Postmodernism in literature, as one can imagine by its name, deals with literature after the "modern" literary period. Whereas the modern era concentrated on what was occurring during the nineteenth century and before, postmodernism is believed to have begun post-World War II as a reaction to modernism. It is difficult to find concrete characteristics of this genre of literature; and there are no specific "markers." For example, in England, eras such as the Elizabethan or Jacobean are named for monarchs: Elizabeth I and James I. Postmodernism seems to concentrate on elements such as:
...fragmentation, paradox, questionable narrators, etc.
Deconstruction, disintegration, cultural studies, and multiculturalism are the main themes of the postmodern era. It would seem that the writing itself does not have a definite message: without a reader, the writing is meaningless; and with the reader, meaning is determined by what that individual gleans from it.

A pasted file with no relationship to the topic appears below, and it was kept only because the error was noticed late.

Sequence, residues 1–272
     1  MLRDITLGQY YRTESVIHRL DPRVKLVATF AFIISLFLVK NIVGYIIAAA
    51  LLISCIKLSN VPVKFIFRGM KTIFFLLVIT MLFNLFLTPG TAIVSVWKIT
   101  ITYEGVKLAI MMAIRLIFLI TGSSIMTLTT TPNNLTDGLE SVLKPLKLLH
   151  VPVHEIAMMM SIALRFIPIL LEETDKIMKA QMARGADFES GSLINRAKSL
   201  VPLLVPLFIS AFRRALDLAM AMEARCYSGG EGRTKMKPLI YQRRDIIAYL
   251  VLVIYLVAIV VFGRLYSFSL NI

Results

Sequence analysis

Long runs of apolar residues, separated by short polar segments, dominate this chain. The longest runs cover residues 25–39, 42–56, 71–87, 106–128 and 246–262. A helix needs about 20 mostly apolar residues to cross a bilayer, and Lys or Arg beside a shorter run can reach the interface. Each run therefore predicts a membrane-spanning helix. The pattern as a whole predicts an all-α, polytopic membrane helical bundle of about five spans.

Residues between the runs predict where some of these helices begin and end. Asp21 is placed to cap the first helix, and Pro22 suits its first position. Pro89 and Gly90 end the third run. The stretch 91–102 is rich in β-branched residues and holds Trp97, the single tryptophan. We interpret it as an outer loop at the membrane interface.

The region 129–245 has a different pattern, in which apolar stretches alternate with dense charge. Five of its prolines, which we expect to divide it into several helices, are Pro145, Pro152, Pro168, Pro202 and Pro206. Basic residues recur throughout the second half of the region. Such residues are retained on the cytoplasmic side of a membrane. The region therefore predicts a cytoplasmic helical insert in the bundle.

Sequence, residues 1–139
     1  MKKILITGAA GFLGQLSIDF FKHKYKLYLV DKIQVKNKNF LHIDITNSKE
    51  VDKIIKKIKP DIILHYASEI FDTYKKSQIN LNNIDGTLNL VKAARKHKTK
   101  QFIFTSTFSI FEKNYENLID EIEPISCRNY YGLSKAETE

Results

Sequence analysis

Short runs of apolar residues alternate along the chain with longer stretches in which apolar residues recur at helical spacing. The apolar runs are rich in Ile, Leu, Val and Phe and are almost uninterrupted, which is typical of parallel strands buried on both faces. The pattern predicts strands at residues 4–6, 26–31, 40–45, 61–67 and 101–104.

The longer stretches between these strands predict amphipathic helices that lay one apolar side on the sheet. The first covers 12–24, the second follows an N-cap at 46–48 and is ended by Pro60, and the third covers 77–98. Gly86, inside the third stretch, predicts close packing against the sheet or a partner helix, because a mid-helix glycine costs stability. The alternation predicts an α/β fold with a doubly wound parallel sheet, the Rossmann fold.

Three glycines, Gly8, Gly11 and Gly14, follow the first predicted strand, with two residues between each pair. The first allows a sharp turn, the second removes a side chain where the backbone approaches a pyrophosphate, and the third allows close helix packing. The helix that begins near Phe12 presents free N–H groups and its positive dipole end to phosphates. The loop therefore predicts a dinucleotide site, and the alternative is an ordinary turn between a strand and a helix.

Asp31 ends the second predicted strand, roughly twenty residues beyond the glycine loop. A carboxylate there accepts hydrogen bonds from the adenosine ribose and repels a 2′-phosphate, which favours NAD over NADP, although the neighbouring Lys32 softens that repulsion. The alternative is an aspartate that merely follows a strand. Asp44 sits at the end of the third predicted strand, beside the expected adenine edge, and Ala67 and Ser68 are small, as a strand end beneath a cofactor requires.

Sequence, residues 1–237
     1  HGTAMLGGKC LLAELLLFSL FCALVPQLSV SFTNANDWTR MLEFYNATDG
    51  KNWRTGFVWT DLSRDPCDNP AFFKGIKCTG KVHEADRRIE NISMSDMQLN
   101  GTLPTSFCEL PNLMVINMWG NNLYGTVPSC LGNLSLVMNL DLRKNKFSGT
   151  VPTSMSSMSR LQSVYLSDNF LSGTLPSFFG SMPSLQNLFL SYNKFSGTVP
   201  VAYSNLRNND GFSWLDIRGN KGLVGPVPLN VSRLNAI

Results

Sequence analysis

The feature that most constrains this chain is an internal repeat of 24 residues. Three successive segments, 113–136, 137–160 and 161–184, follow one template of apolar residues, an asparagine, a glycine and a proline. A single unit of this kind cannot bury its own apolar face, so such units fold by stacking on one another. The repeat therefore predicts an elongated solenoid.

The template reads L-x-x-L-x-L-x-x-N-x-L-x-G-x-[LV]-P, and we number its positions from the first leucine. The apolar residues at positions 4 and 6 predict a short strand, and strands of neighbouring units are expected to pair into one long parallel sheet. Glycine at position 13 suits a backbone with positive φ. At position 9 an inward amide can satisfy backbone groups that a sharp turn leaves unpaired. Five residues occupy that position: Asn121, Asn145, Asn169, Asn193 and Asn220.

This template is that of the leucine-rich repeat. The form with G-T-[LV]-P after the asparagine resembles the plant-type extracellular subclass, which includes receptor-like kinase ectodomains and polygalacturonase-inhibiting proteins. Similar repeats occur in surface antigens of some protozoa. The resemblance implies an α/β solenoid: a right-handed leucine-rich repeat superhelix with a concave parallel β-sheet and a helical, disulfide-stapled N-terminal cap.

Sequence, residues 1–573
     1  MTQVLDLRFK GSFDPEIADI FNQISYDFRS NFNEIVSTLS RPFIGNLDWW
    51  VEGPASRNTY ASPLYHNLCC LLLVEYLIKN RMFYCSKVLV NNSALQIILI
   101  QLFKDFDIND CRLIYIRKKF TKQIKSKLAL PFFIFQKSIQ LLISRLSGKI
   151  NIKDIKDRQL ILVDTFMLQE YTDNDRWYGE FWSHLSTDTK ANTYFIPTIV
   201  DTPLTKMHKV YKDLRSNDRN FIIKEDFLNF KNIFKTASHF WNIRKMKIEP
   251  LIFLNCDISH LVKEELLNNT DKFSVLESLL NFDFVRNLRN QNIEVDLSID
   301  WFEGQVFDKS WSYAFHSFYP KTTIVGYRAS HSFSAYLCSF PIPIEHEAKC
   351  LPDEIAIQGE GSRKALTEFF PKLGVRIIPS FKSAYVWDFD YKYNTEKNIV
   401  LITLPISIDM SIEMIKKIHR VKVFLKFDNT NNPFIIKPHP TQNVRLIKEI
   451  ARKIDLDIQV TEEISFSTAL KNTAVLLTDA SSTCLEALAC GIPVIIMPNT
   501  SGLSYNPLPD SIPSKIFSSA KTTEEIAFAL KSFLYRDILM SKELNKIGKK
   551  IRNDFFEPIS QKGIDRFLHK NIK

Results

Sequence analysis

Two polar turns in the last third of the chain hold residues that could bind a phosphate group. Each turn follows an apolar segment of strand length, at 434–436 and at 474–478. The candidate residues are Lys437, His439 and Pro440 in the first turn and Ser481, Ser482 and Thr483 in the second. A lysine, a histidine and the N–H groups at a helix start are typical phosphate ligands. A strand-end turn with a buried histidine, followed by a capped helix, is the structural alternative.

The modernist author was responding to a world in chaos. However, the postmodern author avoids:
...often playfully, the possibility of meaning, and the postmodern novel is often a parody of this quest.
Because there are no specific qualities to this type of literature, which includes a diverse group of writers (Kurt Vonnegut, Jr., Alain Robbe-Grillet, Ishmael Reed, Julia Kristeva, and Susan Sontag, etc.), this literary era is better addressed in generalities, noting that it concentrates on language and the analysis of what knowledge actually is (if this is possible to articulate). So the writers of postmodern literature are most interested in:
imprecision and unreliability of language and with epistemology[—]the study of what knowledge is.